Despite being one of the most direct ways to engage with fans and motivate them to support you as a musician, a newsletter is often an under-loved area of the career.
As someone who is hyper-alert to those bucking the trend, I wanted to share this short interview with Italian guitarist Dario Napoli who I’ve seen over the last few years not just grow his newsletter with consistent mailings, but also use that attention to translate into tour promotion and sales for his summer guitar camp.
As always, feel free to use the comments section at the end or dive into our other articles and guides on the topic of the musician newsletter.
Hi Dario, can you tell us a little bit about yourself?
My name is Dario Napoli, guitarist, based in Milan, Italy. I grew up outside of Italy (Argentina, Colombia, Iran, Canada, U.S., France) until the age of 12 due to my father’s occupation, then we moved to Milan and I spent my high school year there before heading to college to New Orleans on a tennis Division I scholarship.
I began playing guitar around 8 years old, but only more seriously around 12, learning (or trying to) by ear for the first 3/4 years of my journey.
Like most western guitarists in the 90s, my greatest influences were blues and rock guitarists, everything from Eric Clapton and Stevie Ray Vaughn to Joe Satriani and Steve Vai.
Gradually I started warming up to fusion music, listening to the likes of Pat Metheny, Frank Gambale, Weather Report, and then to players such as George Benson, Wes Montgomery, Joe Pass, as well as Charlie Parker, Sonny Rollins, Miles Davis and many more.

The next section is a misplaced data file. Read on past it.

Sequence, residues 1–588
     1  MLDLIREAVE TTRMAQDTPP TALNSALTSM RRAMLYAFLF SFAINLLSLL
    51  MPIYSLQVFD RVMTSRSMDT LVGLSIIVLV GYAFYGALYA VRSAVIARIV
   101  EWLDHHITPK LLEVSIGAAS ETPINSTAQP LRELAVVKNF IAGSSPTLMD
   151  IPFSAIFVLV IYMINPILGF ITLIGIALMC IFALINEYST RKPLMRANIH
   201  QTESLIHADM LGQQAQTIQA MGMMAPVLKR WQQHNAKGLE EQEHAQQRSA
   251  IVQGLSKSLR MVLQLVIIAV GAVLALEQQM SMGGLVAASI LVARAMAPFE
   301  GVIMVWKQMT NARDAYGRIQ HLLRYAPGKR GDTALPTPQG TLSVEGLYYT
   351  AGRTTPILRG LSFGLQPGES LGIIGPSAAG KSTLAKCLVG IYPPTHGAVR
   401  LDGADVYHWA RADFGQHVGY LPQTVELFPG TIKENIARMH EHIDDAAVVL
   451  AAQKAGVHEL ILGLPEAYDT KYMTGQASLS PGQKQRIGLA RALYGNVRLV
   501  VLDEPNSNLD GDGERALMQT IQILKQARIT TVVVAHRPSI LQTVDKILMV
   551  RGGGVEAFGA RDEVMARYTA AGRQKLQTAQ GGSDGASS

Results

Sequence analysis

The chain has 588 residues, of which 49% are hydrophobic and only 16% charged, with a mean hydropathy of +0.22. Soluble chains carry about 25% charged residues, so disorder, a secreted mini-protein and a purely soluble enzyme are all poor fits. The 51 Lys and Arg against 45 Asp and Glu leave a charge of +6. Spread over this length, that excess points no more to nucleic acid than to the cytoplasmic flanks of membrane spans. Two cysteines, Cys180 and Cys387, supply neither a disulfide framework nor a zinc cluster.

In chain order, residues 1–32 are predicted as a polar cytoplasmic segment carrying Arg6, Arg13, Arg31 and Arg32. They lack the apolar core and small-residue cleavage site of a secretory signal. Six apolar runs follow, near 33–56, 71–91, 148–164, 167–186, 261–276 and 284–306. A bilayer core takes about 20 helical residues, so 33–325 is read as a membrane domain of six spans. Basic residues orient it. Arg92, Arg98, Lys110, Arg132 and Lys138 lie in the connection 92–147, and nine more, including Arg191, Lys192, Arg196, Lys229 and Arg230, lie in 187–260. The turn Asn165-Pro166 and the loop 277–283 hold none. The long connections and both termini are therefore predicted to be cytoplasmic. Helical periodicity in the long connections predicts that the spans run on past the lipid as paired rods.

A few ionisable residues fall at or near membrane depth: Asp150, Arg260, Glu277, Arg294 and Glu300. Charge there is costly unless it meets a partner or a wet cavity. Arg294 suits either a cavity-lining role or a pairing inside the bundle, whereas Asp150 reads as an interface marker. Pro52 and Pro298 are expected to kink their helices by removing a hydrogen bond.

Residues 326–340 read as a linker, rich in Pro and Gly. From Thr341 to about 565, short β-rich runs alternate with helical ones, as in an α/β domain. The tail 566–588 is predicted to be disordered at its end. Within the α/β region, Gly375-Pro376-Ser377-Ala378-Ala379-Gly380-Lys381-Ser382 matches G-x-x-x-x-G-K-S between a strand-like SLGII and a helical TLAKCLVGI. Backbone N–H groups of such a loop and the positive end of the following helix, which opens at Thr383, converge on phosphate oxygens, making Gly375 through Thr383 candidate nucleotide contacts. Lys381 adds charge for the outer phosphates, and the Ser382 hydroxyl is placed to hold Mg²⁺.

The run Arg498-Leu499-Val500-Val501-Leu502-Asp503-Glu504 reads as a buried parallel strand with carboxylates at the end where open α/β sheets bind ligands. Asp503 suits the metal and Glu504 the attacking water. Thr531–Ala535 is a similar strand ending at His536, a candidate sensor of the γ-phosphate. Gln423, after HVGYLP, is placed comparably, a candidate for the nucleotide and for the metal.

By the time I went to college in New Orleans, I was a jazz enthusiast, with lots of desire to learn, but splitting my time between music and athletics, primarily tennis but also basketball and soccer.
The love for Django Reinhardt came after college but was one of the main reasons I decided to move back to Europe. This allowed me to befriend and learn from many of the current legends of the genre, such as Fapy Lafertin, Wawau Adler, Lollo Meier, Stochelo Rosenberg and many more.
Diving into the world of Django Reinhardt felt like starting over, as the technique is completely different than the one used by electric guitarists, although the years of standard jazz helped immensely in learning the repertoire and understand the phrasing.
After a few years of intense study, I formed my own project and have dedicated all my time and effort in making music my profession full time.
Today I’m best known as a gypsy jazz and jazz guitarist, and have been active internationally in the scene for a little over a decade, having recorded 5 solo albums and a several other collaboration releases.
In this period I have also had the pleasure to perform at some of the most prestigious jazz and gypsy jazz festivals around the world, to name a few: Cully Jazzfest, JazzMi, Torino Jazz Festival, Valdarno Jazz Festival, Pisa Jazz, Perigord Noir, Django in June Festival, Djangofollies Brussels, Django Amsterdam, Djangofestivalen Oslo, Django Hyllar Malmo, Django Legacy at Liverpool Philarmonic, and many more.
How long have you been focused on building a mailing list and at what point are you now?
I would say I’ve been focused on building a mailing list for about 6/7 year at this point.
I have roughly 1300 subscribers to my website, but feel like an eternal beginner.